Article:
Surfside-Inspired Condo Reforms Approved Unanimously, Require Inspections, Ban Waiver of Maintenance Ratings | Florida

Thirty days before the one-year anniversary of the Champlain Towers South condominium collapse in Surfside that killed 98 people, the Florida Legislature finally approved legislation to prevent the tragedy from happening again.

Wednesday’s 110-0 vote at the State House, after approval by the Senate the day before, is now on its way (SB 4-D) to Gov. Ron DeSantis for consideration. The legislation would subject older condominiums and co-ops to routine inspections and end the ability of association boards to waive unit assessments needed to pay for maintenance and repairs.

During the House debate, Joe Geller, whose district includes Surfside, described how the family of a close friend survived the collapse and had to be ripped from their balcony by an aerial lift.

Geller praised House sponsor Daniel Perez, a Miami-Dade Republican, for persuading the Senate to agree to language barring the condo association from waiving those ratings — one of the sticking points that prevented a solution during the regular session of the Legislative Assembly earlier this year.

The condominium reforms were an addition to the special session’s original agenda — lawmakers had worked solely on a property insurance overhaul to help Florida’s slumping market.

Geller is leaving the Legislative Assembly this year. “If this is the last vote I take as a member of this House, it may be the proudest,” he said. “It’s important – it means there will be no repetition.”

“This bill is worth it,” said Michael Grieco, of a Miami-Dade.

“People talk about coming to Tallahassee to do a good job. It’s a real policy. This is real change, affecting real families in the past but also in the future,” Perez said.

Regular checks

The bill requires “milestone inspections” for structures three stories or more 30 years after they receive their certificates of occupancy and every 10 years thereafter.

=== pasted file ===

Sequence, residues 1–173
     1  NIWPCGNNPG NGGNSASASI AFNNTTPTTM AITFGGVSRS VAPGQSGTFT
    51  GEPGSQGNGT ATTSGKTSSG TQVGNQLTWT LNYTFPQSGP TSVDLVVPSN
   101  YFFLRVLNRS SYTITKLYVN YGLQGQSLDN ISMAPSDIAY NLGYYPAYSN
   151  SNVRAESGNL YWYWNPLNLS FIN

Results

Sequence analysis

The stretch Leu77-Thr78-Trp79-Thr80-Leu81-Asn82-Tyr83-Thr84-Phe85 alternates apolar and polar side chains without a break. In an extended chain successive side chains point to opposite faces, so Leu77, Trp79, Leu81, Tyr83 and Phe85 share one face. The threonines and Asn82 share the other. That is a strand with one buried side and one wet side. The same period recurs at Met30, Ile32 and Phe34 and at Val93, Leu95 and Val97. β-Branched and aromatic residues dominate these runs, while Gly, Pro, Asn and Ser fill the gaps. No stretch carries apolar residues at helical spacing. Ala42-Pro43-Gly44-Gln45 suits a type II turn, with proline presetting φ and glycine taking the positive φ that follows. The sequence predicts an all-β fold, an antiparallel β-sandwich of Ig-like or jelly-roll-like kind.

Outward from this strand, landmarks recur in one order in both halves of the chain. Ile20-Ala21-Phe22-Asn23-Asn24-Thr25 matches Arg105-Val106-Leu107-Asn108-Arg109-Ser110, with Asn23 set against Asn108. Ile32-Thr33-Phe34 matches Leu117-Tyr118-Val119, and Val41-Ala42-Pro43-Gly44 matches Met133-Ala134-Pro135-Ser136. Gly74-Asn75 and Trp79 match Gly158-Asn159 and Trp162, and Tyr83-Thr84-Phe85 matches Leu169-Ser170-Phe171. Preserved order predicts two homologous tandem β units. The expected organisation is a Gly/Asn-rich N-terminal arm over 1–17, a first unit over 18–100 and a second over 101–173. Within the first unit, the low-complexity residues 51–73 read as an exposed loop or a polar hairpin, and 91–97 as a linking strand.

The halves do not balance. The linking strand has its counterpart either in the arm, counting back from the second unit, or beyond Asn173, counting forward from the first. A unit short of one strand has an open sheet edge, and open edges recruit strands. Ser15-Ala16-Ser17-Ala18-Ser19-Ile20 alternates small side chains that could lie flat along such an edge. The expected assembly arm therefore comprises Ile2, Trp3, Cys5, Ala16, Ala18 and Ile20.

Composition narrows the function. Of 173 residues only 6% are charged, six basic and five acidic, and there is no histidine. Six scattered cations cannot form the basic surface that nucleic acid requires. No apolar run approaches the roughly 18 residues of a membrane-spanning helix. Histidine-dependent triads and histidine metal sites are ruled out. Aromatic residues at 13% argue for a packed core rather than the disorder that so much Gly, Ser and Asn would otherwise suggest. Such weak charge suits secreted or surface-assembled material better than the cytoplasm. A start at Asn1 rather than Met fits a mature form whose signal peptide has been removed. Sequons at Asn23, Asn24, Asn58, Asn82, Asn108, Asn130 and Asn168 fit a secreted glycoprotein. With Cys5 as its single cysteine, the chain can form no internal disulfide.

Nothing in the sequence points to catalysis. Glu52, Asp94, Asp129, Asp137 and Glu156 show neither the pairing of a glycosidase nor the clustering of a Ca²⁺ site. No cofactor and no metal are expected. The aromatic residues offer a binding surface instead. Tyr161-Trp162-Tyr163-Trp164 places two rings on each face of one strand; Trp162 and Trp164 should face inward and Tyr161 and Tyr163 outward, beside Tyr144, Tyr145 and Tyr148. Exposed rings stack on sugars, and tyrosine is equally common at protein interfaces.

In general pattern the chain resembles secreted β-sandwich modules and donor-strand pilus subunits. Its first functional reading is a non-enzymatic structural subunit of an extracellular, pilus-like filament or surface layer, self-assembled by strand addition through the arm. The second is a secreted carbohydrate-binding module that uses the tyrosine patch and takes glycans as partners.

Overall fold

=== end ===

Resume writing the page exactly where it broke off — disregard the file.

If a structure is within three miles of the coast, like all Key Biscayne condominiums, the first inspection would occur 25 years after the certificate was issued.

Visual inspections would be carried out by licensed architects or engineers. If they find evidence of “substantial structural deterioration”, that would trigger more intrusive inspections. The results would go to the condominium boards and local building officials, as well as to each unit owner.

Councils would have one year to begin recommended repairs.

The legislation would make it mandatory to check the structural integrity reserves of condominiums to ensure that they are sufficient to pay for repairs. Associations could no longer waive assessments necessary to pay for repairs to roofs, load-bearing walls and structural members, foundations, fireproofing and fire protection systems, plumbing, electrical systems, waterproofing and exterior paint and windows.

The special treatment for coastal structures is necessary because of the damage salty sea air can inflict on steel-reinforced structures. A Miami-Dade County grand jury report found that was a factor in the Surfside disaster.

Florida has some 500,000 condo units between 40 and 50 years old and more than 100 that are 50 years old or older, but no requirement to inspect them outside of local mandates in Broward and Miami-Dade counties.

This story appeared on the website of the Florida Phoenix, a nonprofit news organization dedicated to covering state government and Tallahassee politics. You can visit them by clicking here.

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